For the latest updates on UCSD Library services during COVID, including Curbside Pickup and Chapter/Article Scans click on the circled text below:
I am very happy to meet virtually to provide more in-depth assistance/guidance with your research: Schedule a Meeting Here!
In order to access the Library's electronic resources -- including the UC-Wide Catalog (Melvyl) -- from an off-campus computer, you need to set up Virtual Private Network (VPN) access.
In order to access UCSD Librarians and UCSD Library Services as quickly as possible, use the Library’s Ask-Us-Now page which has recently been redesigned in light of the critical need for online and timely information.
Additional tips for optimal connectivity:
1. Please make sure you have downloaded the VPN client and have it set for allthruUCSD, See the necessary directions/links here. To make sure you have properly set up your VPN, test it here. If possible, make sure you also set up Duo Two-Step Login (instructions and help here).
2. Please make sure you are using the best browser for your particular computer. Unless you are using an actual PC, you probably need to use the most native browser to that sysatem (such as safari for a mac, or chrome for a chromebook)
The homepage for The University of California San Diego's Anthropology Department states that “Anthropology stands at the nexus between the social sciences, biological sciences, and humanities. It is dedicated to understanding the worldwide diversity of social institutions and cultural traditions, past and present, as well as to studying our nearest nonhuman relatives.”
Schools and Departments of Anthropology across the United States and the world have different areas of specialization and foci, and UCSD's include: Archaeology, Biological, Psychological & Medical, Linguistic, and Sociocultural Anthropology. The Anthropology Faculty at UCSD therefore identify with and belong to these clusters of subjects.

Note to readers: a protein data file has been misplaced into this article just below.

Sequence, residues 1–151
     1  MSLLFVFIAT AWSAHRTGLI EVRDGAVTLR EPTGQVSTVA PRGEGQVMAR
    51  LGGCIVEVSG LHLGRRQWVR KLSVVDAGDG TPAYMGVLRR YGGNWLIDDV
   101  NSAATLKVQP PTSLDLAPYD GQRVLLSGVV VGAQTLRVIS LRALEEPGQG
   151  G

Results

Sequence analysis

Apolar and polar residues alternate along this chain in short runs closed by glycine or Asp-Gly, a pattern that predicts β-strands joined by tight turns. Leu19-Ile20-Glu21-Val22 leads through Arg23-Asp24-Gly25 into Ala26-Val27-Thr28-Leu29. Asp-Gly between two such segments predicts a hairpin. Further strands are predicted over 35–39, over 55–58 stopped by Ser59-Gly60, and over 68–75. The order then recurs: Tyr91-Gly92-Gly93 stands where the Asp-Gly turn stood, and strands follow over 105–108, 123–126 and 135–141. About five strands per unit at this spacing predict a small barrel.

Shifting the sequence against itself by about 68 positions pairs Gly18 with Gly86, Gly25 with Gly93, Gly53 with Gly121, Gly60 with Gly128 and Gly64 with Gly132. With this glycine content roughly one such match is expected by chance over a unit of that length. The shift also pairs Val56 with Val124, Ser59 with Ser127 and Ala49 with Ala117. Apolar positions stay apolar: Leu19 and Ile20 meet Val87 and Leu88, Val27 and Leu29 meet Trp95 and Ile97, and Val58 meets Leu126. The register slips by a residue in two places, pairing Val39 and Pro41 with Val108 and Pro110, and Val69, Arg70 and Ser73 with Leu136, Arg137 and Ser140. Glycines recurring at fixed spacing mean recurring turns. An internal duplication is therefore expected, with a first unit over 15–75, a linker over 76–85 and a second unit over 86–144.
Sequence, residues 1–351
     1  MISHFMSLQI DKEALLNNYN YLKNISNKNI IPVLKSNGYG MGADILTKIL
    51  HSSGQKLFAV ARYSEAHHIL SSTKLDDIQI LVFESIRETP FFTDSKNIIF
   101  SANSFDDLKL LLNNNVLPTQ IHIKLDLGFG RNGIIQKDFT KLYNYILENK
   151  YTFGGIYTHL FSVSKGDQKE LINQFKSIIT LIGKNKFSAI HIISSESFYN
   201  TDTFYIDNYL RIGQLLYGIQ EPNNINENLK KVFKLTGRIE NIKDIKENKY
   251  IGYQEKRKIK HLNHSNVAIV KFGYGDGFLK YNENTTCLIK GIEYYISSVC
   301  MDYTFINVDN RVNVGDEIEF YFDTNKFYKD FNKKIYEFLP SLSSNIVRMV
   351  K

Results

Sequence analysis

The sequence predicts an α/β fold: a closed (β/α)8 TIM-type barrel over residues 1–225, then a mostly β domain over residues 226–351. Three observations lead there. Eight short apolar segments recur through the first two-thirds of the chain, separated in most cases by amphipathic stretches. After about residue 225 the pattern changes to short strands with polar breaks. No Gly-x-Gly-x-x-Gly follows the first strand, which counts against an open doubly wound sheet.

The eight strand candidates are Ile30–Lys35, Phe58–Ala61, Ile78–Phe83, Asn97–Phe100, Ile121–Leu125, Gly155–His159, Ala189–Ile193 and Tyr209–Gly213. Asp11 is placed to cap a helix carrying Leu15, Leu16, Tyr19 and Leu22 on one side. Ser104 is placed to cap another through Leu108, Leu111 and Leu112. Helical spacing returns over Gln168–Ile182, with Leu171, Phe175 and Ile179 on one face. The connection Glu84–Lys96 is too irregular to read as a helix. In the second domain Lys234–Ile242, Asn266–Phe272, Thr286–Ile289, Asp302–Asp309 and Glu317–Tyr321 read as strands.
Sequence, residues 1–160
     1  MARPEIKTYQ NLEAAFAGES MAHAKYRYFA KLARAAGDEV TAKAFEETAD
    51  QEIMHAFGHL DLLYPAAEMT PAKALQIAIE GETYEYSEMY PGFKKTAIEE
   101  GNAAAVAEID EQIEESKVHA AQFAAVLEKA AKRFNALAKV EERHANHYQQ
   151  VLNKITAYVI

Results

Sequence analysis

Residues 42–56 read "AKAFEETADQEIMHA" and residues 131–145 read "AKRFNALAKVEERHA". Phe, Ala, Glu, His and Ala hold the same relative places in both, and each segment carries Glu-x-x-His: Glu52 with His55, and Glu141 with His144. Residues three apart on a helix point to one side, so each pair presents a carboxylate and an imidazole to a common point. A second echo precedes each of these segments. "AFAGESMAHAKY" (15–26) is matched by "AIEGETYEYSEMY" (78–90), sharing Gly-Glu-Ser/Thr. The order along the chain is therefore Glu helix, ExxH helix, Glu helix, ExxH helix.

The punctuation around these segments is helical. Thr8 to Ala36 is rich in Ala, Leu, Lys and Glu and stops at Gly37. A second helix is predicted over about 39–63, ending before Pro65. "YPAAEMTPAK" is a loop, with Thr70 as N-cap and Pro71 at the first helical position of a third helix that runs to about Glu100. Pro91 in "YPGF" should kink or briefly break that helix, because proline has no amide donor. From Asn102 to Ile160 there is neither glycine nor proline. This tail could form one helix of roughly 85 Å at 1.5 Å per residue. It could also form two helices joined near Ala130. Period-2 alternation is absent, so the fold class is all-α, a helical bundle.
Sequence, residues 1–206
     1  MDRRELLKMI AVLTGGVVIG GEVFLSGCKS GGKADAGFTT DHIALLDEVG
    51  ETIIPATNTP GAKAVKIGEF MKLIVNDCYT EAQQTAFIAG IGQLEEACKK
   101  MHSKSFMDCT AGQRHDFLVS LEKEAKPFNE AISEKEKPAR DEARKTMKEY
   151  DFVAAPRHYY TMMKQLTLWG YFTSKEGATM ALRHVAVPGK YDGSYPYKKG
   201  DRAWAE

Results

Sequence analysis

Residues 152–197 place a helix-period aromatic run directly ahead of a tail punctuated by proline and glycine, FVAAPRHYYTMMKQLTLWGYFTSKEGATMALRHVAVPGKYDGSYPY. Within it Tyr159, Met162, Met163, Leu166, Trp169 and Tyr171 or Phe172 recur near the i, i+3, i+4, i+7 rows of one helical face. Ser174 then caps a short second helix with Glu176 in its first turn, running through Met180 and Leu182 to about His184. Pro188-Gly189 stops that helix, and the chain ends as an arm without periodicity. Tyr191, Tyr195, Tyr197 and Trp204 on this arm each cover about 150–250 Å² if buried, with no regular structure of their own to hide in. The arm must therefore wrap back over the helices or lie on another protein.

Consequently, UCSD’s Anthropology Department offers a full range of undergraduate and graduate courses in archaeology and in biological, social, cultural, psychological, political, and linguistic anthropology. Courses include offerings that focus on specific societies or regions of the world—especially Latin America, Asia, and Oceania—as well as more theoretically oriented topics. Students may enroll in archaeological field school and study-abroad programs in the Middle East, Latin America, and the Mediterranean. Students will also have opportunities to gain hands on experiences in our research laboratories and special facilities.
Use the tabs to navigate this guide, and be sure to scroll down to see the content on each page.
Click on the tab "Beginning Your Research in Anthropology" to identify key, specialized Anthropology resources which provide excellent starting points for Anthropology research. Please also email me if you have additional research questions, would like to set up a research consultation, or have other suggested resources to include in this guide.